Inclusive Teaching Seminar
Conversations about inclusive teaching are increasingly more common on college campuses. Instructors are tasked with understanding and responding to issues of diversity in their classrooms and with articulating their own approach to teaching with an inclusive framework. How can instructors create classroom environments that set up all students for success? How can instructors help their students learn through the diversity of experiences and perspectives they bring to the classroom? Join a community of Columbia University graduate student instructors to reflect on your teaching experiences and commit to creating inclusive classroom environments that engage all students.
Applications from current Columbia University graduate students to participate in this seminar will be accepted through March 8, 2019.
In Spring 2019, the Inclusive Teaching Seminar will meet on the following Fridays from 12:00 pm – 2:00 pm in 212 Butler Library:
March 29, April 5, April 12, April 19, April 26
Graduate students and postdocs…
- who want to reflect on their inclusive teaching experiences and practices.
- who want to engage with scholarship on inclusive teaching and apply it to their practice.
- who are committed to creating inclusive classroom environments.
This seminar introduces graduate student and postdoctoral instructors to key ideas in the field of inclusive teaching. In a cohort of peers, participants will engage in conversations around topics such as learning through diversity, growth mindset, microaggressions and implicit bias, trigger warnings, stereotype threat, and inclusive assessments. Through these conversations, a series of assignments, and peer feedback, participants will leave with concrete strategies for creating inclusive classroom environments that engage all students in the learning process.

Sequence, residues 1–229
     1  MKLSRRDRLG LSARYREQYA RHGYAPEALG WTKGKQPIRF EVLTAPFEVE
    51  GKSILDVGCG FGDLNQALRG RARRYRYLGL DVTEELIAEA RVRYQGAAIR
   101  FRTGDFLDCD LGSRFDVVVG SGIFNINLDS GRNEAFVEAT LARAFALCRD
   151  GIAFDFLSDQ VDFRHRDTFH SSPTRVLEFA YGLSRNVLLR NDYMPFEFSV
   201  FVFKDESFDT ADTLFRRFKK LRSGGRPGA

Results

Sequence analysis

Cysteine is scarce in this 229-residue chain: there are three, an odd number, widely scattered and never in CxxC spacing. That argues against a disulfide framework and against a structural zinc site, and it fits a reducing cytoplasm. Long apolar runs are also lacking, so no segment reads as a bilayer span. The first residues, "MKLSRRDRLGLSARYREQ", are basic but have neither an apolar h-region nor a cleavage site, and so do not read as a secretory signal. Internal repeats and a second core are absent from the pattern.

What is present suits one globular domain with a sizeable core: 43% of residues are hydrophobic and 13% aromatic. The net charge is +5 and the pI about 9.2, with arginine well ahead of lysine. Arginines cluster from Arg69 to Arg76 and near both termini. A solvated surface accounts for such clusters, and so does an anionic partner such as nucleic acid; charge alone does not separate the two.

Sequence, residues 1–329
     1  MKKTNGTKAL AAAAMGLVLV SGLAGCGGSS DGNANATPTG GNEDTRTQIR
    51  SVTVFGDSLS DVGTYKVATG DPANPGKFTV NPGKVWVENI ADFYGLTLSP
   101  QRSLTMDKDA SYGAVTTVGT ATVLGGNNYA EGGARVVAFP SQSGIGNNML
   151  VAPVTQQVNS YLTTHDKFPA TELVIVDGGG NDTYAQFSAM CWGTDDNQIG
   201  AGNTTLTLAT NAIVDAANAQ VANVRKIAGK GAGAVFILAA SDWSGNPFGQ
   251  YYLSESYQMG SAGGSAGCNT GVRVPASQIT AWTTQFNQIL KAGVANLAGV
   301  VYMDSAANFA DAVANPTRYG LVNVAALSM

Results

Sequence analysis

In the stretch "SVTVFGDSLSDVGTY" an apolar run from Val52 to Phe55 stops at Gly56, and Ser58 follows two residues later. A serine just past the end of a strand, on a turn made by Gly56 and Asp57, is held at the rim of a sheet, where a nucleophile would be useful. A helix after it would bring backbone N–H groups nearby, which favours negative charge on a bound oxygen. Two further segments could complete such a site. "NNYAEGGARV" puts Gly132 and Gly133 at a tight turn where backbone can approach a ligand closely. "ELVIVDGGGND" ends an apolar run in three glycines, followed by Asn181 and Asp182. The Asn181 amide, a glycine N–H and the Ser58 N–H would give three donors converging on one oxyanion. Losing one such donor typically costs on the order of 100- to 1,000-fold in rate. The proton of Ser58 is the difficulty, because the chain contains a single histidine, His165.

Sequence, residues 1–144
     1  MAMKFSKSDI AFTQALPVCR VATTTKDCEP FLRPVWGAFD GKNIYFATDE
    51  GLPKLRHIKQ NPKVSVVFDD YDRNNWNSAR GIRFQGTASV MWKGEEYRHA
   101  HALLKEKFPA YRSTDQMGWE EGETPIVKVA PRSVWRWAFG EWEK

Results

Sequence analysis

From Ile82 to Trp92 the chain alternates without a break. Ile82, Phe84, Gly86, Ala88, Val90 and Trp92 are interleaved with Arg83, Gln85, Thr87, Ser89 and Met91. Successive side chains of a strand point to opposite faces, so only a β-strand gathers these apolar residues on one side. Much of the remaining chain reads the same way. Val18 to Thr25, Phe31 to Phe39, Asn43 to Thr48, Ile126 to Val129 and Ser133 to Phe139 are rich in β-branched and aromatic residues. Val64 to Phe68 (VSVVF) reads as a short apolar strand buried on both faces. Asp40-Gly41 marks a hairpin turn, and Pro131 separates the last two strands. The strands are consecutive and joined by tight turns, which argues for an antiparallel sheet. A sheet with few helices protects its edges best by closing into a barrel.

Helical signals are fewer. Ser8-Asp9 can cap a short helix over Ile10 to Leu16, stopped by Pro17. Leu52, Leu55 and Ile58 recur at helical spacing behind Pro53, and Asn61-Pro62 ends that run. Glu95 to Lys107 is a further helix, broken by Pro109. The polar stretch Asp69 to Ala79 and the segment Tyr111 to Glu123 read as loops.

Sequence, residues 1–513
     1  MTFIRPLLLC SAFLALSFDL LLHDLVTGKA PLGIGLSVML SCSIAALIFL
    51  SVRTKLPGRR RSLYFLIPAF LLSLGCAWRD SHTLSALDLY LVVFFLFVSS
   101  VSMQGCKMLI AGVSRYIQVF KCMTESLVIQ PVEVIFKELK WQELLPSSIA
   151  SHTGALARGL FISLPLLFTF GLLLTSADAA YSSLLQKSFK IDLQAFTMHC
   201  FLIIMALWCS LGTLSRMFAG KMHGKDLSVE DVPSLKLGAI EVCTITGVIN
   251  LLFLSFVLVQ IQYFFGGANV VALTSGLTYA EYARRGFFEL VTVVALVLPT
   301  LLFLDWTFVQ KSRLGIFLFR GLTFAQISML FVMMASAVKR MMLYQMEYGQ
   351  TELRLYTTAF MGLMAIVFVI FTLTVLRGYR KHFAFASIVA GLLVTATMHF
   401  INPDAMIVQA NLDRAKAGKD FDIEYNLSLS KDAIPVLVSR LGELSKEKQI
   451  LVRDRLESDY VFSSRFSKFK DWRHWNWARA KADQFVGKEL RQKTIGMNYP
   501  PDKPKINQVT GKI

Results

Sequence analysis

In this seminar, participants will create an action plan for future teaching, submit a revised statement on inclusion, and participate in a five-minute lightning talk about their inclusive teaching practice. Participants who complete all requirements will receive a letter certifying successful completion of the seminar.
- Develop a learning community for reflection with graduate students and postdocs
- Create an inclusive environment where participants can explore and reflect on their positionalities and biases
- Build confidence in participants’ ability to develop, share, and discuss their personal approaches to inclusive teaching
By the end of this seminar, participants will be able to:
- Systematically reflect on inclusive teaching and learning
- Apply concepts and ideas from the literature on inclusive teaching to practice
- Provide and integrate peer feedback into their own inclusive teaching practice
- Develop inclusive teaching strategies and articulate their approach to inclusive teaching
This seminar meets five times over the course of the semester, covering the following topics:
- Principles of Inclusive Teaching
- Engaging Diversity in the Classroom
- Teaching Difficult Texts and Topics
- Inclusive Grading and Assessments
- Applying Inclusive Teaching Strategies
Click on the toggles below to read the session descriptions.
Session 1: Principles of Inclusive Teaching
The seminar begins with an exploration of how instructors’ attitudes and biases impact the classroom environment. We will begin with an exercise that asks us to identify our own positionalities in the classroom, discuss how those positionalities impact our students’ learning, and engage in a larger conversation about what it means to reach all of our students in the learning process. This session asks participants to reflect on aspects of their course climate (either in a course they are currently teaching or have taught in the past) and introduces participants to the growth mindset framework as well as techniques for how to help students learn through diversity.
Session 2: Engaging Diversity in the Classroom